Why are we still regulating Main Street like Wall Street?
It’s no secret that banks across America aren’t doing well under the Dodd-Frank Act, Congress’s response to the 2008 financial crisis. Since Dodd-Frank’s enactment in 2010, the U.S. financial sector has lost more than one-in-five banks, collapsing at a rate of nearly one per business day. That means loans to small businesses and entrepreneurs nationwide have largely dried up.
Regulatory compliance costs are a big cause of the problem. Those costs now exceed 73 million paperwork hours and $36 billion dollars since 2010. Big banks can afford that, but smaller banks simply cannot and have been forced to either merge or close their doors.
That’s one reason why the Dodd-Frank approach of regulating Main Street like Wall Street is not working. A prime example is the policy of designating regional banks as “too big to fail.” Currently, institutions with over $50 billion in assets are automatically considered Systemically Important Financial Institutions (SIFIs). That threshold ropes in too many smaller banks that do not pose a system-wide risk. And if any of those banks with the SIFI designation fail, taxpayers are directly at risk of another bailout.
But the $50 billion threshold also imposes a big burden on small banks because it triggers the same burdensome compliance costs for small and medium size banks as the largest, most complex institutions. Too much time is wasted on regulatory paperwork.
Those regulatory burdens leave banks less able to focus on their core business: lending to consumers and businesses. According to a recent Federal Financial Analytics study, improper SIFI designations are reducing regional banks’ capital to lend by $20 billion. As a result, lending to small business has dwindled, with the percentage of small business and commercial loans falling more than 15 percent in the past decade. That means businesses are never formed, workers are never hired, and the economy struggles to get off the ground.
What can be done? One approach introduced this Monday by a bipartisan group of senators would raise the asset threshold from $50 billion to $250 billion. This is a good first-step reform that would potentially exempt up to 25 regional banks from inappropriate regulations. But in the long run, simply raising the threshold does not address one of the core problems with too-big-to-fail regulation: the fact that bank risk is not associated with bank size.
Even a higher threshold for triggering regulation does not really help government know whether a bank poses a risk to the entire banking system. A bank is not risky simply because it is big but because of a range of different factors, such as its activities, complexity, and connections with other banks. A simple asset threshold addresses none of this. It also distorts the growth decisions of banks, discouraging some from growing beyond the limit, while encouraging others to grow too quickly or merge with other institutions to spread out the costs of regulation. A recent report by the Office of Financial Research, a non-partisan government agency, confirmed this, concluding that “size alone is not sufficient to identify systemically important banks.”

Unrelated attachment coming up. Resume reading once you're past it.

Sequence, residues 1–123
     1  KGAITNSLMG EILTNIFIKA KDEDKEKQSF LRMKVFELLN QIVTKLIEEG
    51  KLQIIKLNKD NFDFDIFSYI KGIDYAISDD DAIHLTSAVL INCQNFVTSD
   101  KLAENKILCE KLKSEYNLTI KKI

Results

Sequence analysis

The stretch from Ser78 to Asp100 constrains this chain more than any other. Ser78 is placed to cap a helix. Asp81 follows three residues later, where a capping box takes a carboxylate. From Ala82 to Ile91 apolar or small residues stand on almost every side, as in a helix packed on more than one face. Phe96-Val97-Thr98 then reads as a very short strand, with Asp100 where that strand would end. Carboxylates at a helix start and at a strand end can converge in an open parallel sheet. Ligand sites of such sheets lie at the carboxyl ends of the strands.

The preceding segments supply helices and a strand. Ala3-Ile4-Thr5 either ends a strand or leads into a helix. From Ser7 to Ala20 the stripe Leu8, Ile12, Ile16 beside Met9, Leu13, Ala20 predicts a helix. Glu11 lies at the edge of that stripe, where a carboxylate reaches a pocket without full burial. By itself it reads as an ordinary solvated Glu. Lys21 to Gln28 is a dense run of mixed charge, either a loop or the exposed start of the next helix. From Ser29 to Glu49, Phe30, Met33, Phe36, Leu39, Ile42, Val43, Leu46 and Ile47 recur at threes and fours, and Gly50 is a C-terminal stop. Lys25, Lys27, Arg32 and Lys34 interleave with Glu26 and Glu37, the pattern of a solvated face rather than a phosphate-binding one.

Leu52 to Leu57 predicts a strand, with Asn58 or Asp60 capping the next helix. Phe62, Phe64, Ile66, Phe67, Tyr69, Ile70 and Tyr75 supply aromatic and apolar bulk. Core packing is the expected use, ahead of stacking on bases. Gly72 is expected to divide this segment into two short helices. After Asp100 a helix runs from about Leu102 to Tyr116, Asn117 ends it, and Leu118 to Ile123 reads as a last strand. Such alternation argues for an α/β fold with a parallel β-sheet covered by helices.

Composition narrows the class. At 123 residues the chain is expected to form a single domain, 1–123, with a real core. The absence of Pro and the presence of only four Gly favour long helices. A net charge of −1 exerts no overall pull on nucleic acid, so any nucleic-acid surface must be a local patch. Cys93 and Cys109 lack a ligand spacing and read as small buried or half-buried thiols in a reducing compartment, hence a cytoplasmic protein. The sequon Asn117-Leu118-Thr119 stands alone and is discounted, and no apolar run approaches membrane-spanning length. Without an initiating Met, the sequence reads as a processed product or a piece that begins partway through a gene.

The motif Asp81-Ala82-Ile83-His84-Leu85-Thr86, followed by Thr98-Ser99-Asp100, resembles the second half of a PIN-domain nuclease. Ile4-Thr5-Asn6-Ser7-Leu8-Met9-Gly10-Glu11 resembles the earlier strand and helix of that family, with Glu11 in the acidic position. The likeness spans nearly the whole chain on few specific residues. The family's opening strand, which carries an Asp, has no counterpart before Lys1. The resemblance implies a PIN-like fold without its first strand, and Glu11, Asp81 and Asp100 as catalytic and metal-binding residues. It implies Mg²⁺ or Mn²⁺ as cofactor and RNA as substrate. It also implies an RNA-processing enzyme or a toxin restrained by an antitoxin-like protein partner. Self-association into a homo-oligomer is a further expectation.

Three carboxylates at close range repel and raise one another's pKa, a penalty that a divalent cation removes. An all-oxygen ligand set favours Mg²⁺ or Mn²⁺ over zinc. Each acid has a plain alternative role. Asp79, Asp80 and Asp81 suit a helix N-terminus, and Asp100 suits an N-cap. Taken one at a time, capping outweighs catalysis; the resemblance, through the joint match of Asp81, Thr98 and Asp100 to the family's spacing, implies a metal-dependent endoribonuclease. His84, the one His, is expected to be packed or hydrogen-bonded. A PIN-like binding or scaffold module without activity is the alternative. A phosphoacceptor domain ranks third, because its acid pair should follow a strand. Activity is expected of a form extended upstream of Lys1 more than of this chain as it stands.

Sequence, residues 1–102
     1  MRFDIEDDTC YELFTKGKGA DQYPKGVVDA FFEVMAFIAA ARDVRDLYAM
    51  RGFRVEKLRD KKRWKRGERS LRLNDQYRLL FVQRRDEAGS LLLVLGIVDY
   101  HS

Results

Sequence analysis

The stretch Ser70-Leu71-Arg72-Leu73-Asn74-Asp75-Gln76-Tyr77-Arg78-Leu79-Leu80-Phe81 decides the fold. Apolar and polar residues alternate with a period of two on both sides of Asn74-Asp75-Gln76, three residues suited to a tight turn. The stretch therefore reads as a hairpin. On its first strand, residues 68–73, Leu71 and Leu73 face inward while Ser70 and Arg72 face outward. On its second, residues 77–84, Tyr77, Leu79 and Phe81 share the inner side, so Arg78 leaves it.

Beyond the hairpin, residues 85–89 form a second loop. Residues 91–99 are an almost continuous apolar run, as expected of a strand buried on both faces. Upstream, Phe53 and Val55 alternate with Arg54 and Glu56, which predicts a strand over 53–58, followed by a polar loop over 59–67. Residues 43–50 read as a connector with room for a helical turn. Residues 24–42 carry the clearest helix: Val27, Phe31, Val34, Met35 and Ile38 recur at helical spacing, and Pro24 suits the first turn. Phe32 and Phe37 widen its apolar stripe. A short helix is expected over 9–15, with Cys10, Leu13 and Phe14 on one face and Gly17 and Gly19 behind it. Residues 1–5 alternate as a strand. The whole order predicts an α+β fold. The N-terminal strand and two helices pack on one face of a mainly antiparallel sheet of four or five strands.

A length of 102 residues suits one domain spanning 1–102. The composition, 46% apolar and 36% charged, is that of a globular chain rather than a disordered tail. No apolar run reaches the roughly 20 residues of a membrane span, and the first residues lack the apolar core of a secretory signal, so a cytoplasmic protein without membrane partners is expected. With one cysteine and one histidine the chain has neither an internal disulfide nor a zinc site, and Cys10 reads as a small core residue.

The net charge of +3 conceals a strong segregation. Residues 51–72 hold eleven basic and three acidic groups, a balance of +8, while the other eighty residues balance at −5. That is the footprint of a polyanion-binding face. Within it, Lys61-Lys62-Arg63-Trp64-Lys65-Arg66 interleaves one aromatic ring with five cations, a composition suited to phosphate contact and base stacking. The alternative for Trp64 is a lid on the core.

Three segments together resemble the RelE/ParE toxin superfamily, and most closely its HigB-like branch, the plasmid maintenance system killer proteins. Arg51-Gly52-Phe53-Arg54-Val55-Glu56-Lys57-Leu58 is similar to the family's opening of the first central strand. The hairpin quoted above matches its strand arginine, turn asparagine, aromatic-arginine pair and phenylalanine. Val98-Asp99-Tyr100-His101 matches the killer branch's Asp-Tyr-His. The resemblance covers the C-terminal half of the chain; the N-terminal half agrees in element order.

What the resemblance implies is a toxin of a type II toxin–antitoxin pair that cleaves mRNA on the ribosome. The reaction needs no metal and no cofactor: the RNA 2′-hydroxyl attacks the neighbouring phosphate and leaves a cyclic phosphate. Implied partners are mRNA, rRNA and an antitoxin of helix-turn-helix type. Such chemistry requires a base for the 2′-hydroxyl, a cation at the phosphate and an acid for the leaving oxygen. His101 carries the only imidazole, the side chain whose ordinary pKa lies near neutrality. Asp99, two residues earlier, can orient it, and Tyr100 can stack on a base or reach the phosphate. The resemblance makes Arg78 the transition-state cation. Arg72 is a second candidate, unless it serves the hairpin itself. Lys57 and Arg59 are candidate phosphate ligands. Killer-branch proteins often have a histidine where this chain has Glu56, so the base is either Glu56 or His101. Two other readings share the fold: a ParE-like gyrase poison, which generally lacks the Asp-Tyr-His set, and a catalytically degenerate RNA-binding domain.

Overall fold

A better approach would be to get rid of the arbitrary asset threshold altogether. Instead, regulators should at least be required to consider a bank’s entire risk profile to determine whether heavy regulation is warranted. Missouri Rep. Blaine Luetkemeyer (R) introduced just such a plan in July. His “Systemic Risk Designation Improvement Act” would include not just bank size but bank activities, complexity, and level of interconnectedness with other banks. This would force regulators to assess whether medium sized institutions pose the same threat to the financial system as complex, trillion dollar banks.
Congress should scrap the asset threshold altogether but, short of that, should at least offer smaller banks some regulatory relief by lifting the $50 billion asset threshold that’s causing so many problems. The future of millions of businesses and opportunities hinge on loans that banks now cannot make. It’s time to get rid of government rules that hold back regional banks. Congress must do its part to let banks get back to doing what they do best — grow businesses, help create jobs, and bring about a robust, prosperous economy.
Article originally published by The Hill.